Native Linda Lee, 39, lives in a portion of the former Overbrook Hotel, next to the spring. She was around in 1953, during one of several major floods that have hit the town over the years.

In 1953, "the run . . . it's rerouted now," she said. "It'll never overflow again, they say. But it was deep here in the hollow . . . .

"It's quiet around here, not much going on," she said. "If a tractor-trailer stops, everybody gets excited. Or if there's a fender-bender, that draws everybody out of the house."

Her friend, Bruce Blair, 53, said he'd never forget when a truck drove into a house on the main street, or when Corbett's chicken house burned down, when he was about 14.

In Clear Spring, town clerk Keefer said, "the biggest issue is parking meters. Nobody wants them. I'd say we get more complaints on that than anything." Meters aside, controversy seems to exist mainly on the periphery:

There is the proposed ski resort, on Two Top Mountain just over the Mason-Dixon line in Pennsylvania. The way to it is through town and up Blair's Valley Road, which created some concern about traffic. But the whole thing is sort of on hold, Clear Springers say.

They are more concerned about a Maryland agency's desire to acquire property for a future coal-fired power plant in Pinesburg, four miles southeast.

"Help Stop the Power Plant" signs are all over, including the bulletin board in front of the Clear Spring Town Hall. Gov. Harry Hughes said this week, however, that the state may abandon its plans.

A mile east on Rte. 40 is Donald (Tommy) Thompson's Memorial Antique Auto Museum. Thompson keeps 96 vehicles in an oblong cinder-block building he hopes to expand.

A stocky man of 52, Thompson is sort of a one-man conglomerate, the closest thing the town has to a corporate institution. He owns Thompson's Towing Service, Thompson's Garage, Thompson's Auto Sales, Thompson's Ambulance Service, Thompson's School Bus Service, and Thompson's Funeral Home.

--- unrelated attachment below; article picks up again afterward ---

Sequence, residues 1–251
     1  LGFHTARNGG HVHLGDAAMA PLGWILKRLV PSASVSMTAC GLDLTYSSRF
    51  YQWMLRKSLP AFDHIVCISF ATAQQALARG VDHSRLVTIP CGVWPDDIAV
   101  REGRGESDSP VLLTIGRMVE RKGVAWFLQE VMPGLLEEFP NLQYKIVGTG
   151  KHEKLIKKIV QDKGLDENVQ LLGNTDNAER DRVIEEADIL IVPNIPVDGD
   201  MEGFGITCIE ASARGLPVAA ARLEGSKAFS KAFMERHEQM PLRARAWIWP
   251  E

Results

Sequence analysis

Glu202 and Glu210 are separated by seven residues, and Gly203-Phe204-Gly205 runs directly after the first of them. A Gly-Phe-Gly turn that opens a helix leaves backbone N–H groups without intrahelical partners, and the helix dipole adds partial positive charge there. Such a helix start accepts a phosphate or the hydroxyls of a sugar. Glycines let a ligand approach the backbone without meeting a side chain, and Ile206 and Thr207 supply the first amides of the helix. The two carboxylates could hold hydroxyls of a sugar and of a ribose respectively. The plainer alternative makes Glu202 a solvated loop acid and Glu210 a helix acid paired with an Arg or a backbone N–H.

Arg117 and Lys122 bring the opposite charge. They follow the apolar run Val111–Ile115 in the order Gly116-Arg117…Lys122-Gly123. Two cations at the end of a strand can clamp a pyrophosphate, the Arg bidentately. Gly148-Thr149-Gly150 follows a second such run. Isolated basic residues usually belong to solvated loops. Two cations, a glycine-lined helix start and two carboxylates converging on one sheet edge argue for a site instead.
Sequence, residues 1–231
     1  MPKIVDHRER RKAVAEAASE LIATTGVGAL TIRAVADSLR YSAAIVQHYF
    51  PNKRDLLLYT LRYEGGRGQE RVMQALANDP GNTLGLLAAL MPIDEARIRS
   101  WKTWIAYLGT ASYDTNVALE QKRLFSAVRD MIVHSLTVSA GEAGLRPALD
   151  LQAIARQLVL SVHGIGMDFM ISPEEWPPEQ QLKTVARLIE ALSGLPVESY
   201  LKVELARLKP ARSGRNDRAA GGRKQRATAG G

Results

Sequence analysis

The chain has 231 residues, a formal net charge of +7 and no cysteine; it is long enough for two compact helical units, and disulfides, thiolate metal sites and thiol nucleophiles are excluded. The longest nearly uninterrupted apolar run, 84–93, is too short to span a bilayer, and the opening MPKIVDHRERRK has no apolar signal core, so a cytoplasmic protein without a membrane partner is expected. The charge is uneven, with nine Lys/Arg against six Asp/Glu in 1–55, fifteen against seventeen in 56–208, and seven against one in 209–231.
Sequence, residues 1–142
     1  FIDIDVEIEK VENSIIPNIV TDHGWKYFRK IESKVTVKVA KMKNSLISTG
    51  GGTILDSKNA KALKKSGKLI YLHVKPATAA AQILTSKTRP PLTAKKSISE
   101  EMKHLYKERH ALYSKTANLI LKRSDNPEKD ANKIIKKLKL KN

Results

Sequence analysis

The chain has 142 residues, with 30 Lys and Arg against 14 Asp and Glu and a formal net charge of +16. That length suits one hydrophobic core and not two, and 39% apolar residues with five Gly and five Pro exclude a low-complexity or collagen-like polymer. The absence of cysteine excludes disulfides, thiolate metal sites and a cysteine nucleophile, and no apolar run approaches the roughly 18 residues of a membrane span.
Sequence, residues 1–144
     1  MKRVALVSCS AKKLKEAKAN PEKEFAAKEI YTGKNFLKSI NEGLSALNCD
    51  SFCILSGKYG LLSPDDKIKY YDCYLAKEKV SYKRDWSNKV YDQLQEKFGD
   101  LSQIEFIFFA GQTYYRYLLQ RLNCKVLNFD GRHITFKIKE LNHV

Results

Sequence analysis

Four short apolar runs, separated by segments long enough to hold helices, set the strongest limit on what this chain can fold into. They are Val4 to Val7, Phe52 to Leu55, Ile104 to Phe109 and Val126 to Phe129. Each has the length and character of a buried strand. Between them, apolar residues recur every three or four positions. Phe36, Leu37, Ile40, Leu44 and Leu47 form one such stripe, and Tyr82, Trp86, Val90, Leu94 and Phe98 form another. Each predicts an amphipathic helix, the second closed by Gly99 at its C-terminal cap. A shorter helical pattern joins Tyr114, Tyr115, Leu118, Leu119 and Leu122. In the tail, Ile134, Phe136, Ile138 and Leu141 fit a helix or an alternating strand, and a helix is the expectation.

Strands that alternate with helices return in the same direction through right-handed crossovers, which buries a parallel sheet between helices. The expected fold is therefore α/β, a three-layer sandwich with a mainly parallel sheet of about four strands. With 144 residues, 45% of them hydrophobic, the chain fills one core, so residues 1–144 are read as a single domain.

Thompson buried the town barber a few months back.

"We don't have any barber now," Thompson said. "The only barber around here now is me. When you have to get on the table here, I do the barber work."

There used to be a library in Clear Spring, also a movie theater, but both are gone. Carl Brown's luncheonette is now a rented residence.

The firemen's carnival in August and the high school band boosters parade in May are the only major community events. Thompson furnished 30 vehicles for dignitaries and others to ride in the parade, which lasts about 20 minutes, according to Linda Lee. No, it lasted about an hour, said her friend, Bruce Blair.

Growth is not an issue here, and there is no gentrification. There is no movement to declare the town a historic district; the restrictions on property rights that such designations bring would not sit well here, local preservationists say.

"Some of the people who live in historic houses don't know it, don't care or could care less," said Hilda Cushwa, who describes herself as "a Clear Springer from way back when. . . ."

Yet there is a mini-revival of sorts tied to the past: Town Council member Carl J. Brown, the former restaurateur, is restoring an old log house he plans to turn into private museum. It's one of 18 structures in town with logs that have been covered with clapboard.

And up by the new middle school, there's the Warner-Nesbitt house, also in the process of being restored for use as a community building. The home was built in 1807 by Otho Nesbitt, from whose land the town was carved. Today, his great-great-great-great niece, Lillie Davenport, still lives nearby.

"I don't think anything very significant has happened here," said Davenport, 39. "I guess that's why I like it. It's just a quiet town."